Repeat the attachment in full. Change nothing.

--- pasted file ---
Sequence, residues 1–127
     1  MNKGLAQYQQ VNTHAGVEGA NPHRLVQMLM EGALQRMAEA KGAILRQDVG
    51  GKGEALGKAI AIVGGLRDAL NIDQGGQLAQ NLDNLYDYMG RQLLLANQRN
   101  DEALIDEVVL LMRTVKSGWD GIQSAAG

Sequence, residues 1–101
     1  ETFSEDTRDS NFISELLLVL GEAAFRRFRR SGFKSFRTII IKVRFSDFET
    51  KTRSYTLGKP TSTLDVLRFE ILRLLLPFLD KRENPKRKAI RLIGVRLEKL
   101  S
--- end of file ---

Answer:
Sequence, residues 1–127
     1  MNKGLAQYQQ VNTHAGVEGA NPHRLVQMLM EGALQRMAEA KGAILRQDVG
    51  GKGEALGKAI AIVGGLRDAL NIDQGGQLAQ NLDNLYDYMG RQLLLANQRN
   101  DEALIDEVVL LMRTVKSGWD GIQSAAG

Sequence, residues 1–101
     1  ETFSEDTRDS NFISELLLVL GEAAFRRFRR SGFKSFRTII IKVRFSDFET
    51  KTRSYTLGKP TSTLDVLRFE ILRLLLPFLD KRENPKRKAI RLIGVRLEKL
   101  S